Ghassan Abou-Alfa, MD, MBA:Fair enough. Amit, this setup of the Child-Pugh A was not like, “Wow.” It was, “OK, but on the edge,” and with the platelet count of 75,000 mm3, do you think that it was pushed a little more than needed in regard to local therapy?

Amit Singal, MD:Yes, I think you’re right. This patient once again technically is Child-Pugh A. So they get an extra point for their albumin. As you said, the bilirubin is 1.8 mg/dL. It goes up just slightly, and they get an extra point for that. Albumin is close to the edge. If it goes down a little, they get an extra point, and then they’re a solid Child-Pugh B. And you’re looking at a completely different story. I think this goes back to Riad’s point. It’s not as if you hand off the patient and you do multiple chemoembolizations without reassessment. I think you would do the first chemoembolization. You’d probably get imaging as well as a reassessment of liver function. And if you find that the liver function is starting to decline, that’s another avenue of TACE failure, you may then consider a transition to systemic therapy. I think close monitoring of response as well as liver function as you go through this process is critical.

Of course, what we have here is that we say that the patient underwent 2 chemoembolizations without a lot of detail about what happened between those 2 chemoembolizations. I assume this patient was being followed in a multidisciplinary setting, and I assume the patient’s liver function was stable. I think the devil is always in the details, and these patients are always different. It’s a matter of how selective you can be. It’s the type of thing where if you treat selectively with the chemoembolization, you’re able to treat the HCC and have very few off-target affects, and the liver functions naturally remain stable despite being on the edge.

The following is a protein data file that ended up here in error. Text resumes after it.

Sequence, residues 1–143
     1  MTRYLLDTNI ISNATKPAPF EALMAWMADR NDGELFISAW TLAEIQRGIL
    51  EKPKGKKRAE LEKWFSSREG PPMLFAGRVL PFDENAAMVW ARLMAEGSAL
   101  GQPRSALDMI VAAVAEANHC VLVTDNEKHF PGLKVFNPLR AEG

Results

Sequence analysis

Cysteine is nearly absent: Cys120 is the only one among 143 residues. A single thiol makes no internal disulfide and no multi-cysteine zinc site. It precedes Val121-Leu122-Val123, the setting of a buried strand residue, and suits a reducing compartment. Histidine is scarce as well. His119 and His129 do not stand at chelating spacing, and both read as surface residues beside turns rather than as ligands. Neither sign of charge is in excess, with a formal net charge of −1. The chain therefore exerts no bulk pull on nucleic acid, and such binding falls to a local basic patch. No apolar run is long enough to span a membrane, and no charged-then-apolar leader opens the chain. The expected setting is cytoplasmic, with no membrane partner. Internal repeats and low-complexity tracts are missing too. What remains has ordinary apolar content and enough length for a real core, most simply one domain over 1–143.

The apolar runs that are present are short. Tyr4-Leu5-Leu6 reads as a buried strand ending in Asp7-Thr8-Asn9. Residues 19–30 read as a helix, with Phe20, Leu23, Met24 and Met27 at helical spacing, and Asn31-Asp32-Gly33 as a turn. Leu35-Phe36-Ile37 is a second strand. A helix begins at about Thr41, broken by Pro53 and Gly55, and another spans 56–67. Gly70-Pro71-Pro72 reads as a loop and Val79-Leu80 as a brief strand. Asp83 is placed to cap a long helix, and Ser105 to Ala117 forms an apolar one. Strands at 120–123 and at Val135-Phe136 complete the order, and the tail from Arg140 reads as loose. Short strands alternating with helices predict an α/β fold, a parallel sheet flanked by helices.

Ghassan Abou-Alfa, MD, MBA:Would you have thought differently, Farshid? It’s your case, but would you have loved to start the systemic therapy anytime earlier?

Farshid Dayyani, MD:I think we would need a little more information. I agree with Amit on this. Maybe I think in the future, it would be more likely when we have more of the robust data showing that treating the patients earlier will improve outcomes with more output in systemic treatments. I think the answer will be in the future. It’s probably much more likely than today on this case.

Ghassan Abou-Alfa, MD, MBA:Yes, if anything, interestingly, for us in the United States we don’t have such data, but no doubt our colleagues in Japan have delineated for themselves a certain regimen. How many embolizations? What’s the sequence? What’s the time between embolization to be sure people are not pushed to the edge before they get into systemic therapy? Anyway, in that case here, the patient ultimately, as you mentioned, got on systemic therapy, got lenvatinib—and we spoke plenty about lenvatinib. We like very much, as we said, the noninferiority for sorafenib. We definitely are happy to see that the progression-free survival is almost 3 times higher than for sorafenib. We like the response rate of 26% very much by RECIST 1.1 and 41% by modified RECIST.

But at the end of the day, despite all this good material—and this is an amazing drug, and people can stay quite well on it for a long time—then people are going to progress. The same as your patient over here.

Transcript edited for clarity.